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A Review of “The Minds Of Boys”

A Review of “The Minds Of Boys”

A Michael Gurian, Kathy Stevens book, published by Jossey-Bass, reviewed by Reg Adkins.

Michael Gurian begins the book by describing the current crisis in the education of boys. He takes careful steps to note the indicators of this crisis in detail noting facts including

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  • boys get the majority of D’s and F’s
  • boys make up 80% of the discipline problems
  • boys make up 70% of the “learning disabled” students
  • boys make up 80% of the “behavior disordered” students
  • boys make up 80% of the children on Ritalin, et. al.
  • boys are a year to a year and a half behind girls in reading and writing
  • boys make up 80% of the high school drop outs
  • boys make up less than 44% of the college population

One must admit those are pretty stark facts.

The authors stipulate that these weaknesses developed as the result of the paradigm shift designed to make education more receptive to girls several decades ago.

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The authors continue on to point out this is not a phenomena specific to the United States. Similar data is noted in England, Canada, Australia, Germany, France and Japan. Further, the authors state boys are outperformed by girls in thirty-five of the developed countries.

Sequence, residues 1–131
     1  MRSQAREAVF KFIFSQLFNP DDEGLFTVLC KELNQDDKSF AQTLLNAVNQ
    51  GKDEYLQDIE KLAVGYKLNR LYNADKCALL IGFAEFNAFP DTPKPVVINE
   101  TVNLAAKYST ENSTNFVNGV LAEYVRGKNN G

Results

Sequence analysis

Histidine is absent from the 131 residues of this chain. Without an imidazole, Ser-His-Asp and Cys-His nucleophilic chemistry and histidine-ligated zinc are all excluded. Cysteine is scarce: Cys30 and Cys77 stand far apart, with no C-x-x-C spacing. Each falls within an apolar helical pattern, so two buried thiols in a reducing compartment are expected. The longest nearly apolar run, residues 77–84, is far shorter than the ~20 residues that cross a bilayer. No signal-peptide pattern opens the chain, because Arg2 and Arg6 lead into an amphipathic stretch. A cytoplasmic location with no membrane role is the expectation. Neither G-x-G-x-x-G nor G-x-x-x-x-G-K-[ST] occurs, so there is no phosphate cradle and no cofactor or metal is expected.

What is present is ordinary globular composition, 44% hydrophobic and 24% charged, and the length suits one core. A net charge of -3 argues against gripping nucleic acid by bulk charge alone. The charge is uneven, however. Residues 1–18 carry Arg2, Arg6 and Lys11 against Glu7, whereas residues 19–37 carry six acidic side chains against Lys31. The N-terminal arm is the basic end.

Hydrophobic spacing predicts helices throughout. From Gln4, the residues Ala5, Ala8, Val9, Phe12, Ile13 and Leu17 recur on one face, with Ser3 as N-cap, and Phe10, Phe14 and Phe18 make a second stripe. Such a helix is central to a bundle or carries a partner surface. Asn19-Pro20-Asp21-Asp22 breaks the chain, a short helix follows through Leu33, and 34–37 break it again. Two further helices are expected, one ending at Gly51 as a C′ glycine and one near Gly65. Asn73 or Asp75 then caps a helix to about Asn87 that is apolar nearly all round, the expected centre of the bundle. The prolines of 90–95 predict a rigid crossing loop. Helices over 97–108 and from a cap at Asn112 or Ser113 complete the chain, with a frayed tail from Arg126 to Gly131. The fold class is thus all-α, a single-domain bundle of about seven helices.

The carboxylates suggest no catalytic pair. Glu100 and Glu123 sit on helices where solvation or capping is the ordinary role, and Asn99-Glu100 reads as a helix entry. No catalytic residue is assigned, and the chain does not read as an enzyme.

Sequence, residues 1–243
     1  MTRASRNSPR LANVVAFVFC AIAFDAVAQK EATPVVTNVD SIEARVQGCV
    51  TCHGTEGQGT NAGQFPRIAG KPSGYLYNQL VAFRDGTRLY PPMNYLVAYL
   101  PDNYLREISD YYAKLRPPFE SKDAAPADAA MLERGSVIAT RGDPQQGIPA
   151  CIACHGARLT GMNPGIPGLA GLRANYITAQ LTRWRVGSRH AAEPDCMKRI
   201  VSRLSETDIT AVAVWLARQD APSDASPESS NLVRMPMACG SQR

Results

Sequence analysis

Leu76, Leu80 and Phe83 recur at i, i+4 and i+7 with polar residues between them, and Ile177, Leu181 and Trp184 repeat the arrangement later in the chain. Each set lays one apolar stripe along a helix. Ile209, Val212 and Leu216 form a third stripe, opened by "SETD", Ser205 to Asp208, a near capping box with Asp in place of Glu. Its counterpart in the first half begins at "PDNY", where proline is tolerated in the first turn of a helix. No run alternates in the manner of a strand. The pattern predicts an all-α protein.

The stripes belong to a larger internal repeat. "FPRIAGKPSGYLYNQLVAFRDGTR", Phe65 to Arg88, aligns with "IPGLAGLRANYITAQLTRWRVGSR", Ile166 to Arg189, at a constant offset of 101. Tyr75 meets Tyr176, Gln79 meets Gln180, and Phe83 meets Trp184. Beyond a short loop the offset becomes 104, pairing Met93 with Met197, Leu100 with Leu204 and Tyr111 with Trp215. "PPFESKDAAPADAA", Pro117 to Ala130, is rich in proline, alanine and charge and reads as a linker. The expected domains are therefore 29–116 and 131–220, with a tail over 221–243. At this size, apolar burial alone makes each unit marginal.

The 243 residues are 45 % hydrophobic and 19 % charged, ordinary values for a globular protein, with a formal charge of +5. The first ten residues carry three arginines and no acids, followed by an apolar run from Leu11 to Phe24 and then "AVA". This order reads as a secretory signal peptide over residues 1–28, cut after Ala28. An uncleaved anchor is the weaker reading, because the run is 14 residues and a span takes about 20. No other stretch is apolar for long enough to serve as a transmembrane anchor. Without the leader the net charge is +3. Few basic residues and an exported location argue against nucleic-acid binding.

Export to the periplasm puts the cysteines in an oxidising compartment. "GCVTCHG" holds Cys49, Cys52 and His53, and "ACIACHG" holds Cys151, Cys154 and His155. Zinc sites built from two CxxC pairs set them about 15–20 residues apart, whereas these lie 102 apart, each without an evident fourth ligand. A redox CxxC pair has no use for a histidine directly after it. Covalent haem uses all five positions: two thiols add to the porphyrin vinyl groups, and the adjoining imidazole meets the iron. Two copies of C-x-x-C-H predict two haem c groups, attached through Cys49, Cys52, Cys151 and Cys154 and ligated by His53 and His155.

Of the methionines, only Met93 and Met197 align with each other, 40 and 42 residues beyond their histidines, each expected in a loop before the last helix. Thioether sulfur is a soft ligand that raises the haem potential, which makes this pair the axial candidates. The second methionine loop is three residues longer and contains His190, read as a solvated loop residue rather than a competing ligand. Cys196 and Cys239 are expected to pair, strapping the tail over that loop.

The next section of the book is dedicated to examining the functionality of the male brain and how it differs from the female in the processing of information.

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At this point the book undertakes the examination a series of instructional techniques designed to compensate for the deficiencies in the current educational practices which highly favor girls. The theme of which is movement inclusive instructional methods.

Further, the book breaks the techniques into practices that may be applied by parents to stimulate brain function in boys. The follow-up is an examination of how teachers may implement these changes in the classrooms.

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All in all, it is a pretty good read that has some excellent insight into (you guessed it) the minds of boys. However, I was struck by the frequent references to instructional techniques for girls. They seemed out of place. I don’t believe if I had read a book entitled “The Minds of Girls” it would have contained nearly as many references to techniques for boys.

The Minds of Boys: Saving Our Sons From Falling Behind in School and Life

Reg Adkins writes on behavior and the human experience at (elementaltruths.blogspot.com).

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Last Updated on September 20, 2018

7 Powerful Questions To Find Out What You Want To Do With Your Life

7 Powerful Questions To Find Out What You Want To Do With Your Life

What do I want to do with my life? It’s a question all of us think about at one point or another.

For some, the answer comes easily. For others, it takes a lifetime to figure out.

It’s easy to just go through the motions and continue to do what’s comfortable and familiar. But for those of you who seek fulfillment, who want to do more, these questions will help you paint a clearer picture of what you want to do with your life.

1. What are the things I’m most passionate about?

The first step to living a more fulfilling life is to think about the things that you’re passionate about.